How not to be afraid
Stories are embedded in economics, as suggested by one of my favorite economists, Deirdre McCloskey. The story of the day is the nexus between inflation and debt — two sides of the same public policy coin.
We can take comfort in the official views on inflation and debt. And yet, we cannot ignore other stories that live rent-free in our ordinary-citizen minds. Inflation is not 5 or 6 percent. It is more like 20 percent if we stare at how food, housing, and transportation costs have risen. The fight against inflation requires central banks to maintain high interest rates and portends a business downturn. (Official data record inflation as a change over 12 months, although we can take a broader perspective considering how prices behave. Some are fixed for a while, while other prices fluctuate more often.)
Then there are the public debt figures. Our economic managers say that government debt is manageable. Such debt hovers around 60 percent of GDP, a line that the international financial institutions (the International Monetary Fund and the World Bank) have set up as representing the line of probity or responsibility for developing economies. If we let our debt figures cross this line, there could be something wrong with our economic policymaking. Is this moral story credible? Is there a story behind the official story? Are the economists in Washington scaring us out of our wits?
Other questions come to mind. Economics students at Silliman have suggested a laundry list of such questions. Among them are:
Is there a “looming crisis” related to inflation and debt in the Philippines?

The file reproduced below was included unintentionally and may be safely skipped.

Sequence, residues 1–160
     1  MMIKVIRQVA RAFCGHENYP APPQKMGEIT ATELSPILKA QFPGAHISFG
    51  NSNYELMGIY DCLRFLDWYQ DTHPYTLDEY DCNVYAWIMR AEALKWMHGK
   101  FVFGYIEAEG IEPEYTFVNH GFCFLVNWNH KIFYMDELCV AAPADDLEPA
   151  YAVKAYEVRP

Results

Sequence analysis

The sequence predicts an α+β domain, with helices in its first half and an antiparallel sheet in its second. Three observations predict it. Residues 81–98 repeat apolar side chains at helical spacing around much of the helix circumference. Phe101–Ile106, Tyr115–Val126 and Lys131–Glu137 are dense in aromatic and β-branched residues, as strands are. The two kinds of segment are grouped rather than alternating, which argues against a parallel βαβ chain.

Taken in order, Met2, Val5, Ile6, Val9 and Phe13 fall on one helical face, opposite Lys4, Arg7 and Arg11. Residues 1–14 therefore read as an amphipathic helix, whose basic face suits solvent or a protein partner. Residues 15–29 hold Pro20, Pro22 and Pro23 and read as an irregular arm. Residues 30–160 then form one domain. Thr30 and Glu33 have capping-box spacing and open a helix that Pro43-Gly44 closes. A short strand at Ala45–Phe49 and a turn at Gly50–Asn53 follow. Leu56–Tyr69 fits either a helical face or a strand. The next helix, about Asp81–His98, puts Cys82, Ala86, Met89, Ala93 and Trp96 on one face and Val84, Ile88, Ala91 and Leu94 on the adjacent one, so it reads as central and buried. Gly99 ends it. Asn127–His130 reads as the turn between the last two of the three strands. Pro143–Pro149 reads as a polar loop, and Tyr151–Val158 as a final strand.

Are inflation and debt related to “economic resilience”?
Is domestic inflation closely tied to US inflation? If so, why? More generally, will we see a global increase in inflation?
How soon can we expect inflation to return to the 2-4 percent target set by the Bangko Sentral?
When does public debt become “unsustainable”?
Does the economy’s reliance on remittances from abroad (the so-called OFW phenomenon) give us confidence amid inflation and debt problems?
I will address these questions.
Let me first review the basic facts regarding inflation and debt.
Inflation is tied like a Siamese twin to what the central bank does (what textbooks call “monetary policy”). The theory is that inflation is a “disequilibrium” event that requires a continuing expansionary impulse in the money market (where the central bank prints money to buy bonds) or in the goods market (where the government spends “too much”). Targeting inflation requires the central bank to limit its money creation, and its job would be easier if the government spent within the economy’s capacity. An equivalent but pessimistic conclusion is that an “easy” central bank cannot tame inflation, especially if politicians insist on playing Santa Claus all year.
Debt, the kind incurred by the government, is a consequence of “fiscal policy” as measured by the excess of government expenditures over taxes. There are understandable limits on how much taxes the government can collect. But there is also the strong temptation to spend on what some view as areas the government should shoulder — subsidies for farmers and favored industries like solar electricity, budgetary support for military and educational institutions, big-ticket infrastructures, etc. However, debt is never a problem if it pays for worthwhile expenses. The real problem with debt is a “knowledge” problem. How do we know if actual government expenditure has a “return on investment” that exceeds the interest cost on the debt? For advanced industrial countries, history favors the view that public debt is not a problem. One researcher (Bradford DeLong) has compiled centuries-long data showing that the North Atlantic economies can “grow out” of their debt problems because the long-run real interest rate is lower than the economy’s growth rate. Can we say the same about developing economies? Stanley Fischer has said that “there is no magic debt-to-GDP number.” The best approach is to treat the issue on a case-by-case basis.